The Elephant Eden exhibit at Noah’s Ark consists of a field which is approximately 20 acres. By contrast, The Elephant Sanctuary in Tennessee spans more than 3,060 acres and offers elephants a much more suitable climate, greatly increased choice, a wide range of daily opportunities, and a significant degree of autonomy. The death of a young male elephant at Noah’s Ark in 2021, following a conflict with another elephant, was likely as a result of the restricted space. Even in 20 acres, elephants have little chance to disassociate or escape from each other if circumstances require them to do so. In the wild, mature male elephants are generally solitary but may choose to temporarily associate with other bulls in small, unstable groups. They also, of course, consort with females for extended periods of time during mating.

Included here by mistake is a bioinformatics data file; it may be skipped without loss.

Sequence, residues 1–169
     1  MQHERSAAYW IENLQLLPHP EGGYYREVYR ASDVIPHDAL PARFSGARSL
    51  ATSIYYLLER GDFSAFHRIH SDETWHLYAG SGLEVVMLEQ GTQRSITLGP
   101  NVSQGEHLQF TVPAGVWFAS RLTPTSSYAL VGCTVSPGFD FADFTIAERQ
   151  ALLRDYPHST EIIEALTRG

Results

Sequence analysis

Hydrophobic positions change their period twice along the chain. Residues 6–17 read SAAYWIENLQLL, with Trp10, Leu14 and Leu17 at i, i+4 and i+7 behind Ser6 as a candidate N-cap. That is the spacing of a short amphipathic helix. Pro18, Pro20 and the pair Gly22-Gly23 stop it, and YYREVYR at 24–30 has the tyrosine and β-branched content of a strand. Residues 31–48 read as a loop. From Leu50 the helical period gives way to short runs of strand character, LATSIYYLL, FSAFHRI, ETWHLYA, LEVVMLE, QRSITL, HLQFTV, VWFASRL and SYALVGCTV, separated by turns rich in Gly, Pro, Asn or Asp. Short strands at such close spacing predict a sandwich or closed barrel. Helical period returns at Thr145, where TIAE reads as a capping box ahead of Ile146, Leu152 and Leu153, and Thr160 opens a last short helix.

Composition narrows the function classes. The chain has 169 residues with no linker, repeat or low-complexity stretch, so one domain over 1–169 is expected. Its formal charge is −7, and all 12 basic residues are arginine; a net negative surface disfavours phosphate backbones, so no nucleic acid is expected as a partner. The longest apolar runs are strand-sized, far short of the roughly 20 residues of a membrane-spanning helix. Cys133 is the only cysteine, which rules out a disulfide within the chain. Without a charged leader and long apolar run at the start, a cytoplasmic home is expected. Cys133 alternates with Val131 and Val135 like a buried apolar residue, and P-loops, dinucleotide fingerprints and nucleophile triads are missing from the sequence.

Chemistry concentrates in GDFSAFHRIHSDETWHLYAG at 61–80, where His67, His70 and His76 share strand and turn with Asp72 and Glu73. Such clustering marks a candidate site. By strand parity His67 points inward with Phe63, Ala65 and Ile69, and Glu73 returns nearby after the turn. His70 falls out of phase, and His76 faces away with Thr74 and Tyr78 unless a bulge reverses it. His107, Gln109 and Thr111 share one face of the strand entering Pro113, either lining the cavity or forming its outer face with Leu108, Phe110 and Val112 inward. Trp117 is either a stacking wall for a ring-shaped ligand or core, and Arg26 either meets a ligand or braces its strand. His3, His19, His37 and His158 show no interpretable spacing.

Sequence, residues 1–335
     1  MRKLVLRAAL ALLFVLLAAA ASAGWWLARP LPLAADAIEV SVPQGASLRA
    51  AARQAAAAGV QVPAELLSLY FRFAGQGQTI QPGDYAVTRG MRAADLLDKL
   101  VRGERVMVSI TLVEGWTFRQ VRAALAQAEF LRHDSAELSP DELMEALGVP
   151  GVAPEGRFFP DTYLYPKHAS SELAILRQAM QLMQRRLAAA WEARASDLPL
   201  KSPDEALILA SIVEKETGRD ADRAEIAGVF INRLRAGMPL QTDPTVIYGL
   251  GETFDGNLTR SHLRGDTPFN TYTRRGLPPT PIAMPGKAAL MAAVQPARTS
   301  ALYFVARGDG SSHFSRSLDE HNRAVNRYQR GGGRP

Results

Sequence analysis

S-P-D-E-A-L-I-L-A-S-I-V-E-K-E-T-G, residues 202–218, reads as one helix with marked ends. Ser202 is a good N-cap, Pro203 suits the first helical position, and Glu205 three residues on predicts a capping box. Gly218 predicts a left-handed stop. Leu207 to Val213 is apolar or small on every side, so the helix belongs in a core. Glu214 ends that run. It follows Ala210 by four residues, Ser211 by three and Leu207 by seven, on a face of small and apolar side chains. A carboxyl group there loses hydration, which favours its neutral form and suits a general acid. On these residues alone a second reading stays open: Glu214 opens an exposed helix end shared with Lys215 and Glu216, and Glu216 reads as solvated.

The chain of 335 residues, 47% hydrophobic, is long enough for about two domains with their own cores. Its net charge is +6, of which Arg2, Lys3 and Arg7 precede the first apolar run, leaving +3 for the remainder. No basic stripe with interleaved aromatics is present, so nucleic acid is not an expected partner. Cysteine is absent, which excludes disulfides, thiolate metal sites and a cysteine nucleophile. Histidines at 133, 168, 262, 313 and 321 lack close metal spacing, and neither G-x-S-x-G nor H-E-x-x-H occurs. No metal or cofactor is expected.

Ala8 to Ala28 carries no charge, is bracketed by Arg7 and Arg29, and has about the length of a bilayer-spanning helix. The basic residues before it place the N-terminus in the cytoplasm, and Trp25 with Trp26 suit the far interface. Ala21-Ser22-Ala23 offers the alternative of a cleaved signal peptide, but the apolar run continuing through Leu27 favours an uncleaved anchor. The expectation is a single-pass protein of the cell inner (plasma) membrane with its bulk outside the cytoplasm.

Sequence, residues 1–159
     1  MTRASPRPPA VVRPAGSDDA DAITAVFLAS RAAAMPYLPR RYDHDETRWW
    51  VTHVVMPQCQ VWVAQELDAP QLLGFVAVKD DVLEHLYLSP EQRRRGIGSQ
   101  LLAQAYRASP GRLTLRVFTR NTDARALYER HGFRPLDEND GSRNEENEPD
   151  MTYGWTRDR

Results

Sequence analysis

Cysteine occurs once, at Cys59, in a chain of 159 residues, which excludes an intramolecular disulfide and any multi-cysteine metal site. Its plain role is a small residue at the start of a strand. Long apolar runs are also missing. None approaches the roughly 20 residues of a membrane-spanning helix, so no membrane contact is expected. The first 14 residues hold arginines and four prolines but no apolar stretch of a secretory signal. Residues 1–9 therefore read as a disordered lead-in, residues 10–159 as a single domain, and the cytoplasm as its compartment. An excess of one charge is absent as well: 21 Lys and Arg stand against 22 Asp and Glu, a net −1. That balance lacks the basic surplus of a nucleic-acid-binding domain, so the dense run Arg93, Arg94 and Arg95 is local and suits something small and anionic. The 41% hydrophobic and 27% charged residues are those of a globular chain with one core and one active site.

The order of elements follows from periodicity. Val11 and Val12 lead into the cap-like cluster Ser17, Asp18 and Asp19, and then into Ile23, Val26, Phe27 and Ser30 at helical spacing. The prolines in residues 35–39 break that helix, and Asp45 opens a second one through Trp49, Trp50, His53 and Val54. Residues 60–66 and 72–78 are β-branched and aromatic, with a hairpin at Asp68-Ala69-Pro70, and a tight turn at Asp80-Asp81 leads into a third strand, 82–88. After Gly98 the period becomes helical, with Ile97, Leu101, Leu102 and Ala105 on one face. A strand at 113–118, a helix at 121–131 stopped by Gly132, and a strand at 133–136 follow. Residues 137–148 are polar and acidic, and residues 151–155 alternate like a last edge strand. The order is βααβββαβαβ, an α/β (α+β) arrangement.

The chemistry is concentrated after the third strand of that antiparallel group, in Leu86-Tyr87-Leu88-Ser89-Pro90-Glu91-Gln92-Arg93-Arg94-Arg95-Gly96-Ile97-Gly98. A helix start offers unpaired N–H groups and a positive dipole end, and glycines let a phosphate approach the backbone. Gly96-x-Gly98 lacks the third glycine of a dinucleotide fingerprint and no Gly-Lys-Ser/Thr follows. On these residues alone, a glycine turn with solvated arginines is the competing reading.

In addition, Noah’s Ark has consistently failed to adhere to its inspection report condition to provide sufficient outdoor shelter for its elephants. Within their 2020 zoo inspection report, it is noted that while the elephants are shut out of their indoor enclosure for two or more hours when cleaning takes place, they have too little shelter in the paddock during inclement weather. If this is one of the best facilities in the world, then it is a real concern that they have been reluctant to provide all the requirements deemed necessary by the UK zoo inspectorate.